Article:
There will be a general assumption here that the houseowner wants to keep their drive despite the convenient nature of a station with an hourly train service between Cardiff and Monmouth. (They may have strange ideas about going to Coleford, which the WVR unfortuately won't help with.) The railway will therefore be moved 8 feet to the left into the adjacent field - ruining a lovely bit of curvature, but making the compulsory purchase orders a bit easier to work through.

The original platform was on the right-hand side of the line. Its replacement will be on the left for reasons of general convenience. The building will be another open-fronted brick affair. The railway here is very convenient for the church, local shops, pubs and so on. The village is scattered up a steep hill which we can't do much about, so the houses at the top will not be very far from the station as the crow flies but will still end up with a long and tiring slog up the hill from the station. (You won't get used to it as easily as the noise of the train, although the higher up the hill you get the less distinguishable the sounds of the train will be from the road noise and accordingly the less likely it will be that the railway will bother you. Instead it will tidy up a rather messy bit of hedge that stretches around a couple of nice curves to the north of the village.)

St Briavels

St Briavels station went through three names - it began as Bigsweir, became St Briavels and Llandogo and settled on St Briavels shortly before the opening of Llandogo Halt. Bigsweir was the most honest of the three, since the station is adjacent to Bigsweir and its famous (and attractive) bridge while St Briavels is a mile away up a steep hill. In fact, barring a cluster of farm dwellings on the other bank of the river, the nearest habitation is a mile away; St Briavels Road would have been the ideal post-1927 name. This lack of nearby development explains why the station closed to all traffic in 1959 along with the halts and Tidenham. Unlike Tidenham, there would be no reprieve for quarry traffic. On the plus side, the rural nature has allowed the main building and goods shed to survive, though the goods shed is looking a little poorly.

Re-opening would be a simple matter of repairing the platform and re-instating its edging slabs. A loop would be helpful but not essential; there isn't really enough room between the original platform and the goods shed (which we want to keep) for a second platform here. The old goods yard, to the left and centre, will make an excellent car park; the station would probably be branded either as St Briavels Road or St Briavels Parkway.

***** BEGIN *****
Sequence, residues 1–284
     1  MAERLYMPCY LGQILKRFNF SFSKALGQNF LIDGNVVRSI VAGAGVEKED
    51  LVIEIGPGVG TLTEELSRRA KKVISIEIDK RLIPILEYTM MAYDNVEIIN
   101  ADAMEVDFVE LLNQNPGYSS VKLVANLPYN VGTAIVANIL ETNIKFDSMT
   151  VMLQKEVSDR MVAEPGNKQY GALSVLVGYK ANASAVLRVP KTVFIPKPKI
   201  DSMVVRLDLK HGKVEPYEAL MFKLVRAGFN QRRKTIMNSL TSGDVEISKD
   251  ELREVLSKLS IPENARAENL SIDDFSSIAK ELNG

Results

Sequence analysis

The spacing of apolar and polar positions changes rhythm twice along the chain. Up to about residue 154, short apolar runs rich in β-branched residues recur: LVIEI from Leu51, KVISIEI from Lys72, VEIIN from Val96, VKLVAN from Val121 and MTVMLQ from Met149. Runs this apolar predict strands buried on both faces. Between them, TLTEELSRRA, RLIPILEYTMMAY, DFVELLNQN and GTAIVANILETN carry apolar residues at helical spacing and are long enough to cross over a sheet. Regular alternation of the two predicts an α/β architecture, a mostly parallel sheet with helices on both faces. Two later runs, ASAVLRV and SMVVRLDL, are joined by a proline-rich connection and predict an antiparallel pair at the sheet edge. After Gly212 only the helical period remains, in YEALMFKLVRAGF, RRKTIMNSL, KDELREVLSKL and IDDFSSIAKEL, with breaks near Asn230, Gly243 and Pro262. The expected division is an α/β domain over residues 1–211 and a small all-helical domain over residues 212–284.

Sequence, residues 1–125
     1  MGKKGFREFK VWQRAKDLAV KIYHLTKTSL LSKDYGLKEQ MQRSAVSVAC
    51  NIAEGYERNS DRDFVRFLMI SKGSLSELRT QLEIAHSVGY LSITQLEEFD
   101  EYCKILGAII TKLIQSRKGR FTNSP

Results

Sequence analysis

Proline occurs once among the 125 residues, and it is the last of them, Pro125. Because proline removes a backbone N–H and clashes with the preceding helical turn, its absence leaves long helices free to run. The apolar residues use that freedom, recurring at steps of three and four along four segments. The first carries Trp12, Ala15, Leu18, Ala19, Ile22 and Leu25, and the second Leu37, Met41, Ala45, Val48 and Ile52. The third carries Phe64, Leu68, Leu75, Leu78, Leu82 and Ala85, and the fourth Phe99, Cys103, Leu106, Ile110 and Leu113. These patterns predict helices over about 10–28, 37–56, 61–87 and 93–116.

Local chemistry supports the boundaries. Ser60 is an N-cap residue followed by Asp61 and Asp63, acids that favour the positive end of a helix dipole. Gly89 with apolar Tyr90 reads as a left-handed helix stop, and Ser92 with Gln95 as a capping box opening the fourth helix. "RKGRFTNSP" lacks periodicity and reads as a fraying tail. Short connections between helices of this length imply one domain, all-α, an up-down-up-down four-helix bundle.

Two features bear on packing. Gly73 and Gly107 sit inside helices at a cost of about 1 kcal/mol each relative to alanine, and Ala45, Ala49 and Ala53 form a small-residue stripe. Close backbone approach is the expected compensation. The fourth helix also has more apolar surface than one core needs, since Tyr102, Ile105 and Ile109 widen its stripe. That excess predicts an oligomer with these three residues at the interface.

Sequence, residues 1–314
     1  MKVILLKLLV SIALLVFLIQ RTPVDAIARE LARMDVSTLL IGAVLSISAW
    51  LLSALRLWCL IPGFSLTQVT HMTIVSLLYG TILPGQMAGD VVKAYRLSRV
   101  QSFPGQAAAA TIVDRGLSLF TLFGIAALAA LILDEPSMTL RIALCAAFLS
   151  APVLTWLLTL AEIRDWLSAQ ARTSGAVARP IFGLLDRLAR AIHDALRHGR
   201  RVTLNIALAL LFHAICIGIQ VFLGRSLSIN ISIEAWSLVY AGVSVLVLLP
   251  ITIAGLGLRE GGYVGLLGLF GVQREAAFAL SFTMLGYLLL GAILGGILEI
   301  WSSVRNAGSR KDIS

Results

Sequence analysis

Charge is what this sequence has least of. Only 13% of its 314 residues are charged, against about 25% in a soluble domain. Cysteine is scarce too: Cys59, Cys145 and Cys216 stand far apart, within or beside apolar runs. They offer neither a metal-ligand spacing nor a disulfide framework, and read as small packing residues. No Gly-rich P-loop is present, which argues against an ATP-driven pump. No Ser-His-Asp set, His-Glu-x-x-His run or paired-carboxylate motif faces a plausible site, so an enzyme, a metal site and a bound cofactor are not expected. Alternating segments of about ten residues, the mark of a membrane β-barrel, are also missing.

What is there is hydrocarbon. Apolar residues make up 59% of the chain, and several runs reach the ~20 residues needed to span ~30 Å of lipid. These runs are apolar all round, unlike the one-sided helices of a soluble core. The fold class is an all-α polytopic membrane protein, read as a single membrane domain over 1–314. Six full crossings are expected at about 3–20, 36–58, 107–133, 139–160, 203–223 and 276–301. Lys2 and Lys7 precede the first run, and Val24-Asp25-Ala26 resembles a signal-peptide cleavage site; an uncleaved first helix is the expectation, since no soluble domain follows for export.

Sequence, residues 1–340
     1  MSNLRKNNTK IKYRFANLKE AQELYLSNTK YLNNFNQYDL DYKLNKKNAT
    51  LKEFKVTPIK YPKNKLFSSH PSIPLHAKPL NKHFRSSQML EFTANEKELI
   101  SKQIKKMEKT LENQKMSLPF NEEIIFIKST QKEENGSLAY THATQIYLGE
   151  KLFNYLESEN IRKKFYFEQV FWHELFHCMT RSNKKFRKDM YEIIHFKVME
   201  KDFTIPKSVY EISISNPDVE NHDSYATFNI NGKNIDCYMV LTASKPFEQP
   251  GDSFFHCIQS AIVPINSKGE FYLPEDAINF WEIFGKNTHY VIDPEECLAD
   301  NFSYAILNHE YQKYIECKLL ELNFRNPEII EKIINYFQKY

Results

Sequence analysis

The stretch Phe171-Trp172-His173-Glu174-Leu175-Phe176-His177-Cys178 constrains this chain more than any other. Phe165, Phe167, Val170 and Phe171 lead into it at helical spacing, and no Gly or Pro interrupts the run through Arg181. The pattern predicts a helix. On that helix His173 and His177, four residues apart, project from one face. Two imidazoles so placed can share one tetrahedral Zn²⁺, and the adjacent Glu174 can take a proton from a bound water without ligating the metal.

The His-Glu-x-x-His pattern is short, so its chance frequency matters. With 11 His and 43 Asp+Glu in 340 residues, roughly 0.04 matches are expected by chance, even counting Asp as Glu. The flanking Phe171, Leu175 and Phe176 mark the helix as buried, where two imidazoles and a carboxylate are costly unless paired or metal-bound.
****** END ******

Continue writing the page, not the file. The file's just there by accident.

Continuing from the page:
Currently the station is being used by a fishing group. They need not be concerned about the station being re-opened. Passing trains will provide an additional level of security with train crews to keep an eye on the place. The re-opening would involve giving the place a coat of paint and refurbishing the goods shed before the roof falls off. It is quite normal these days for old station buildings to be privately owned and run wholly independently of the railway; if the fishing group want to maintain some station gardens, sell tickets and offer refreshments to passing tourists there will be no objections from the railway. Traffic levels are unlikely to be high enough to case a disturbance.

Credit should be given to the fishing group for allowing us to take this picture of their private site.

St Briavels Level Crossing

St Briavels level crossing, one of only two on the line (the other was at Whitebrook and rapidly lost its importance; there was also a crossing at Bishton in the early months of the line's career pending the construction of the infamous bridge), is a bit more of a problem. Once upon a time the A466 at this point was a single track road, rather like the railway; it came off Bigsweir Bridge (to the left), ran over the railway and joined the minor lane from Whitebrook off to the right.

After closure the road was realigned, regraded and widened; this process resulted the the unfortunate demolition of St Briavels signal box. It will also have to be partly reversed in order to put the level crossing back in for the railway. (A road overbridge is an option, but it would make access to the station difficult, involve raising all the approach roads by 20ft and take months, so we'd rather not if it's all the same to you.)

The problems of lowering the main road can be eased slightly by raising the railway a bit, but this is limited to raising it by about a foot (limited by the proximity of the station and its already slightly low platform). The road will have to come down by about two feet. The width of the road shouldn't be an issue except for the fact that it will mean rather tall crossing barriers. (Not to worry; they'll probably end up being hidden by trees when raised.) The close proximity of the narrow river bridge means that installing the crossing's Stop lights won't seriously extend road journey times; the two sets will be wired together to minimise traffic flow problems. Whether we end up with a crossing protected by "wig-wag" lights or standard traffic lights is more a matter for debate.

Unfortunately re-opening will entail removing the rather nice conifer on the other side of the road, which is growing in the middle of the line.

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Last modified 16/03/11